In this study, APAP treated samples had significantly higher rates of carbon metabolism in nearly every category measured (carbohydrate, amino acid, carboxylic acid, and polymer metabolism) compared to the control. We think this occurred because APAP is a carbon source for some organisms, therefore, its addition to the soil selects for microbes that use different sources of carbon more efficiently. Li et al., 201356 demonstrated that APAP is broken down in non-sterilized soil but not in sterilized soil. Indicating that soil microbes are able to break down APAP and use it as a carbon source. Metabolomics analyses revealed that when APAP is added to soil, the microbes were able to break it down to 8 identifiable intermediates, namely: 3-hydroxyacetaminophen, hydroquinone, 1, 4-benzoquinone, N-acetyl-p-benzoquinone imine, p-acetanisidide, 4-methoxyphenol, 2-hexenoic acid, and 1, 4-dimethoxybenzene 56. The intermediate 2-hexenoic acid is a carboxylic acid and it was found to be the most abundant metabolite in the soil after APAP treatment by Li and his colleagues (2013). This led us to conclude that treatment of soil with APAP increases carboxylic acid content in the soil, which in turn increases microbes that can use it as a carbon source. We were able to confirm this using our Biolog assay, which showed that soil treated with APAP had a significantly higher carboxylic acid metabolism compared to the control (ANOVA post hoc Tukey test, P< 0.01). Other carbon sources whose metabolism was found to be significantly higher in APAP treated soils were amino acids, carbohydrates, polymers and phenolics (Fig 6).
Furthermore, the Picrust analyses indicated that amino acid and carbohydrate metabolisms constituted the most prominently expressed genes within the soil communities from APAP treated soils, which was consistent with the Biolog assay results. However, the Picrust data did not detect differences in gene expression among APAP treatments that were used in the Biolog assay. This is not too surprising because Picrust predicted metagenomes rely on detecting the presences of different 16s rRNA genes from bacterial groups and it is based on previously established databases 55,64. Also many soil microbial communities can exhibit a high degree of genomic, and therefore metabolic, redundancy 65,66. It is possible that different soil microbes contained a high degree of overlapping genes. Therefore, Picrust predictions would be insensitive to changes in gene expression, if the total metagenome pool remains stable. Picrust may be only able to detect changes in genome expression among drastically different microbial communities with major differences in the constituting microbial groups. The Biolog plates, on the other hand, can detect changes in the community-level physiological profiles even when the microbial shifts are only in relative abundance changes of constituent organisms. Thus, the Biolog assay may be a better indicator of gene expression levels, especially for genes related to metabolic pathways.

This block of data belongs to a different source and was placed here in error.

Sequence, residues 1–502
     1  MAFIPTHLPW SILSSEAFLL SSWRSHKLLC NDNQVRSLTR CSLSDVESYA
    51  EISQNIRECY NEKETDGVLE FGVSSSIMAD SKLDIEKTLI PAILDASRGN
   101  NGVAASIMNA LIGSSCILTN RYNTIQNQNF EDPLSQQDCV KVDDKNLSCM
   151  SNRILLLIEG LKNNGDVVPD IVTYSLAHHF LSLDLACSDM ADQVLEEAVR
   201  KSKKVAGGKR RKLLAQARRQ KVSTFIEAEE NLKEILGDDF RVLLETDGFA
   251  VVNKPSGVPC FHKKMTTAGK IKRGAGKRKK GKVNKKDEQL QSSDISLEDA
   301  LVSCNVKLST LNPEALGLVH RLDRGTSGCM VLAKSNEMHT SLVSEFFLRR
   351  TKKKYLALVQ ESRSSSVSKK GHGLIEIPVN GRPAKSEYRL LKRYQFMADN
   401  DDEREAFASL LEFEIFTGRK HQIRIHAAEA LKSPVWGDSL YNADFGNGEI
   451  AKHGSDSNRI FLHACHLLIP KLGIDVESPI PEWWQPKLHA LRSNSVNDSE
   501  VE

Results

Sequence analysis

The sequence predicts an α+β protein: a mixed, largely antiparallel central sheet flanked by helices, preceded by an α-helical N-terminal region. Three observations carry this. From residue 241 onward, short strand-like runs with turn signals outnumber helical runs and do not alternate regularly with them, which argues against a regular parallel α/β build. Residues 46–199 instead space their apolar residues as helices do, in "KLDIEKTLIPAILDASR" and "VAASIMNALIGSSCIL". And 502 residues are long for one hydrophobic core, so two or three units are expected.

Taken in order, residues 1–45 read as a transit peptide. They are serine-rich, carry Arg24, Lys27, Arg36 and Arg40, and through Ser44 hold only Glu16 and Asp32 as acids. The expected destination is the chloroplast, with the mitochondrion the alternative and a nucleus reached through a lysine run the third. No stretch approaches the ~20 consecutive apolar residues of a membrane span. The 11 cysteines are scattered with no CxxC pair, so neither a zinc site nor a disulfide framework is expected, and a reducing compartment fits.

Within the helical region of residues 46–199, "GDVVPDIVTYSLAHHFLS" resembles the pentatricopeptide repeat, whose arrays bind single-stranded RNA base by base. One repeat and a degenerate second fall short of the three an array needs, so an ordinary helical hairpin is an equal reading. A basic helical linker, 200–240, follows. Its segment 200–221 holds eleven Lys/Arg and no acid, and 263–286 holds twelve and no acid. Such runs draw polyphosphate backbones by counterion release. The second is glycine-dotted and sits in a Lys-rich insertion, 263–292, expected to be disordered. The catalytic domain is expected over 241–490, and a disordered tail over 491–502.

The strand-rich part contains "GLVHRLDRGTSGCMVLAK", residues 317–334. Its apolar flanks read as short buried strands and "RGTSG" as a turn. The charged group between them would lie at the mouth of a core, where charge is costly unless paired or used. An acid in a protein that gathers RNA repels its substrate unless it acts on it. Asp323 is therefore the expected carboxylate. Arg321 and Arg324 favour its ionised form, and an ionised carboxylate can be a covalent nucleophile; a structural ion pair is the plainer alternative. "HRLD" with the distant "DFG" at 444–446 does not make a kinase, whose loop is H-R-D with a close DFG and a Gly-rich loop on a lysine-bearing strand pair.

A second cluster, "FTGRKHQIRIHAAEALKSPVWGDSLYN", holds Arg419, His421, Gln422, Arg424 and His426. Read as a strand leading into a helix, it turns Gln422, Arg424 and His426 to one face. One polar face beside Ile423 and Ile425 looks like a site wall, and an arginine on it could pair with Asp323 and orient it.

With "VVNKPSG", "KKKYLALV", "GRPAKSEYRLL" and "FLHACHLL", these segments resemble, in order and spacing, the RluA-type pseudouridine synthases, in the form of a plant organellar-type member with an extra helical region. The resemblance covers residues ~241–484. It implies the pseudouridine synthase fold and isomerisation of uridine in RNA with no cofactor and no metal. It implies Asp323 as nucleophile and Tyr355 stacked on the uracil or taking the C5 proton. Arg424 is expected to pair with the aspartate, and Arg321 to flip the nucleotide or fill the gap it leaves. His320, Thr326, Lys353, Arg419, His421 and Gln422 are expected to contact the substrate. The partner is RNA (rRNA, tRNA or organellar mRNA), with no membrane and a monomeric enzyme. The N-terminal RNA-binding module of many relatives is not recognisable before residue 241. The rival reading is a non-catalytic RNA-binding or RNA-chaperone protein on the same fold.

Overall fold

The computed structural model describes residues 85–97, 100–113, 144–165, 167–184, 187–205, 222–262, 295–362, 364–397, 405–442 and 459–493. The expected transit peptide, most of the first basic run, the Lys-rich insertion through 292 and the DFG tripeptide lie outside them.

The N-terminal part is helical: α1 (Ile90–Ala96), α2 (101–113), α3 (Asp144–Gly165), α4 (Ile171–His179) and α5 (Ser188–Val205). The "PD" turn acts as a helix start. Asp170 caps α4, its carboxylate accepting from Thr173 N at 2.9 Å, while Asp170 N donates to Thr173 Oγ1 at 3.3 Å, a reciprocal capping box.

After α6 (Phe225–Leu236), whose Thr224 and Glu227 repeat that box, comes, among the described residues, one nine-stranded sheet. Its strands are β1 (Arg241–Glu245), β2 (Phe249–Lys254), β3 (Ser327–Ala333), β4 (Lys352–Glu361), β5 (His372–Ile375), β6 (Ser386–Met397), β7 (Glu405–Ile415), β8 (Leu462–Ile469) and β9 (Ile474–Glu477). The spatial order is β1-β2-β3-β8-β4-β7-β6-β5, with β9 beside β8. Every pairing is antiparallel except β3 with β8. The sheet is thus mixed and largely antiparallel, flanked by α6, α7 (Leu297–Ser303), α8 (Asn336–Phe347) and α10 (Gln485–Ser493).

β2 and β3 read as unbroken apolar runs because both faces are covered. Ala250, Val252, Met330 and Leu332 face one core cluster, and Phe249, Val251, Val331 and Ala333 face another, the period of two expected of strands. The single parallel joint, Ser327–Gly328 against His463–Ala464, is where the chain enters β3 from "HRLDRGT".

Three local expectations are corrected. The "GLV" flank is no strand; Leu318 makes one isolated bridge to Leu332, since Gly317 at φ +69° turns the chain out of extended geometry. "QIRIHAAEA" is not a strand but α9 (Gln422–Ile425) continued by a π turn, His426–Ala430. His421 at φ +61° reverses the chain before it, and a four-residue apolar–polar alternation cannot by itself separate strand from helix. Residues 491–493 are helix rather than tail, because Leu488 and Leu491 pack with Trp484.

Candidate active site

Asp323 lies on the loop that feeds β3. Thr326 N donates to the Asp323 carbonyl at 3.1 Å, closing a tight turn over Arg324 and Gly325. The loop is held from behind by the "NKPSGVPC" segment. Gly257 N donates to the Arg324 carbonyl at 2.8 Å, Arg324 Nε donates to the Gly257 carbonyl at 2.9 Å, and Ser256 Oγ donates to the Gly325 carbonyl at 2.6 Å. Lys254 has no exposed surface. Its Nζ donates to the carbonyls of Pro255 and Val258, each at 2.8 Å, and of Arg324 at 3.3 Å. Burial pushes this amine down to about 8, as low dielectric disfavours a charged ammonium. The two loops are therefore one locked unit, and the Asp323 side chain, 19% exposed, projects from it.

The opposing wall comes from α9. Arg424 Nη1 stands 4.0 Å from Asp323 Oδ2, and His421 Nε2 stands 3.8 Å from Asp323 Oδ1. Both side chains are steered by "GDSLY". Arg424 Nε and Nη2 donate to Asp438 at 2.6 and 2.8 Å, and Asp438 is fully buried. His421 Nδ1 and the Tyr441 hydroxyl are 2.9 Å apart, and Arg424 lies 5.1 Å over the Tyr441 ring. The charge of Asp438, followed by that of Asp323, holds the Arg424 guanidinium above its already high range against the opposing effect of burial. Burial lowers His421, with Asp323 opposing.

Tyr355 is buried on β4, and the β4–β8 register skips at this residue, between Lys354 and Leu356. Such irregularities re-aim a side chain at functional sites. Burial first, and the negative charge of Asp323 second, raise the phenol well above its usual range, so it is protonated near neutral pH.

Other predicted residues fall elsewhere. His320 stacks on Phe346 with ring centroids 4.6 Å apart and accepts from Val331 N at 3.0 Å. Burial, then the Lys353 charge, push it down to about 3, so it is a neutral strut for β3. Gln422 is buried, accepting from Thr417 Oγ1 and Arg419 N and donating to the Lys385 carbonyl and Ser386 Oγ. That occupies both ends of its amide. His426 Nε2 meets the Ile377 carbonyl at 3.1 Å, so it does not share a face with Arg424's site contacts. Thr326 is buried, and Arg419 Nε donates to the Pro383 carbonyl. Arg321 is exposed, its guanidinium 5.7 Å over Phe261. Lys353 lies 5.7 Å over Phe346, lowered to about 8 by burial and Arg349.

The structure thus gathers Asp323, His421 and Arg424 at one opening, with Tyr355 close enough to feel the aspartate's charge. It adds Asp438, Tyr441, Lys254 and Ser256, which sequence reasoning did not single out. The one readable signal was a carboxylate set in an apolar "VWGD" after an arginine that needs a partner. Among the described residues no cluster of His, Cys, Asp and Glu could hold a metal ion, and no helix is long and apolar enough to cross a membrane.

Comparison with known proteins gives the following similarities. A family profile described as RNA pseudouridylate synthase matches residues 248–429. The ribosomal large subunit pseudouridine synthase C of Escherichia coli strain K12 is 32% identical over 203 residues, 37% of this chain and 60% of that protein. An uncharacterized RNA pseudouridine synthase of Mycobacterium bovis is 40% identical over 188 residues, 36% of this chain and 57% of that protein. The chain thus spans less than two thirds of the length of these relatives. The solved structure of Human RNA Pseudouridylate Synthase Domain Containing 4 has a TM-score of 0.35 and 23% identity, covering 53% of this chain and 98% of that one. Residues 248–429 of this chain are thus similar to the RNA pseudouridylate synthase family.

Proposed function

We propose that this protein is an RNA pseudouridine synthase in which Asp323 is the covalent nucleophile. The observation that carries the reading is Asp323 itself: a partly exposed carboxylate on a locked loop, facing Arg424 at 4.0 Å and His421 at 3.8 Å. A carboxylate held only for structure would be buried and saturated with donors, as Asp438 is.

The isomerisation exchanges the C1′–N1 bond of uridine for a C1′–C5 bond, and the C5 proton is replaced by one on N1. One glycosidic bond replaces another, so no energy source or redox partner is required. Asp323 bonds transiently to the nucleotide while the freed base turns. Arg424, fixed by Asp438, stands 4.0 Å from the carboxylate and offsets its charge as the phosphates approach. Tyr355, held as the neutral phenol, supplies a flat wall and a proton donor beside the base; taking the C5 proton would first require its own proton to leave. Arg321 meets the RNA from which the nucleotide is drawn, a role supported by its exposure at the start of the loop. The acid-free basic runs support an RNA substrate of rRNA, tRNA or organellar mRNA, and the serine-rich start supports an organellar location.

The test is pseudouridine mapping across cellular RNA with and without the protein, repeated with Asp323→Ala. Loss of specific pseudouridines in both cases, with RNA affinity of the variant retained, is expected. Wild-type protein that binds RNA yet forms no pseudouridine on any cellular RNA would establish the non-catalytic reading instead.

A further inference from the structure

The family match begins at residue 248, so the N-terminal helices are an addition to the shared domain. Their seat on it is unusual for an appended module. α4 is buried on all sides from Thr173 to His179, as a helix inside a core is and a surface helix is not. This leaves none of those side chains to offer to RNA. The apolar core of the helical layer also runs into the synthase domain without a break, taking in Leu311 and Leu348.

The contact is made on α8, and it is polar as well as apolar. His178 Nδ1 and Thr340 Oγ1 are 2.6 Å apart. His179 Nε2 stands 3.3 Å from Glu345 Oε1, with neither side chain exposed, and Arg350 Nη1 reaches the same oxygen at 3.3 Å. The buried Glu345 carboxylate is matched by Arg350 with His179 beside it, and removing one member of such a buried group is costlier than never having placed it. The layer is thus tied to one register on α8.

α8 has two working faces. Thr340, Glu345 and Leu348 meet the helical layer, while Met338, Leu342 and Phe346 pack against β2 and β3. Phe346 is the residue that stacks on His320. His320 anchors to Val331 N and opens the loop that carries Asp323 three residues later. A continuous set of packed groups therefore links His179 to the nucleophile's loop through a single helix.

The specific shifts in relative abundance of the soil microbial community members were very consistent with the observed changes in the microbial community function determined in the carbon substrate metabolism (i.e. BIOLOG assay). A. thermoflava and Cellvibrio sp. were two microbial groups that increased in relative abundance after APAP application. These groups were major contributors to community differences among the different soil communities and are capable of metabolizing a diverse set of carbon substrates, including glycosides 36–38. Glycosides are major breakdown products of APAP in the soil as a result of fungal 34,35 and plant detoxification activities 27. Another major breakdown product of APAP due to microbial activity is a carboxylic acid 30, which can be utilized by these two bacteria as well as some of the others that were observed to increase in abundance. In addition, A. thermoflava is also capable of degrading xanthine, a compound that caffeine is derived from and salicin which is a compound similar to aspirin 37. Both caffeine and salicin are also considered to be CECs, thus this particular group of soil bacteria may be positively selected for in soils contaminated with a variety of different CECs.